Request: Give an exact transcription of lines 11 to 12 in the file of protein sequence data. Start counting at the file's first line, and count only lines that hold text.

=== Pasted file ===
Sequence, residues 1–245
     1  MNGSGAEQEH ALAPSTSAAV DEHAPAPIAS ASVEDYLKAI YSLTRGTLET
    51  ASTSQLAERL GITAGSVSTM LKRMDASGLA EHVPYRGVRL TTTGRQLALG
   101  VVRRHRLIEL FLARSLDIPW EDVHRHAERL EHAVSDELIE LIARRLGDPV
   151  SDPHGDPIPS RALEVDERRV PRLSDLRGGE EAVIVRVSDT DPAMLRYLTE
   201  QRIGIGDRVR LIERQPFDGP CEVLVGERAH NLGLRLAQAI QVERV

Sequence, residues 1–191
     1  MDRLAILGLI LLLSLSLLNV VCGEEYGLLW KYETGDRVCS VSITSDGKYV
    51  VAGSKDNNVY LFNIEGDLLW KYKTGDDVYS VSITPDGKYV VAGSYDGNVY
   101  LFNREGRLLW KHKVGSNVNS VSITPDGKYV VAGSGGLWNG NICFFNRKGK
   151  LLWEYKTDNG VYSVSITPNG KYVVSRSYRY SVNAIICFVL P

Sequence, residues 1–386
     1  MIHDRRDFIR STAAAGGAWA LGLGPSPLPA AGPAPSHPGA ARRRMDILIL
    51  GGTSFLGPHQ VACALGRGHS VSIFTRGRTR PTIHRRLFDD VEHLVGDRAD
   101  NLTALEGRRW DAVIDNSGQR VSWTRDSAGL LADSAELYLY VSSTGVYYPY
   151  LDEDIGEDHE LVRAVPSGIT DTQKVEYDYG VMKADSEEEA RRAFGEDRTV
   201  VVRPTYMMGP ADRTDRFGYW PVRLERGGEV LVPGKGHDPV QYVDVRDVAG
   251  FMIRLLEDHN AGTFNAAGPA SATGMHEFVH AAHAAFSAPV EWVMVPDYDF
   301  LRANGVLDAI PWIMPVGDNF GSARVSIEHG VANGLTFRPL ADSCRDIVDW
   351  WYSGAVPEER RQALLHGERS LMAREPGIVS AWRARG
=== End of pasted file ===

   151  LLWEYKTDNG VYSVSITPNG KYVVSRSYRY SVNAIICFVL P

Sequence, residues 1–386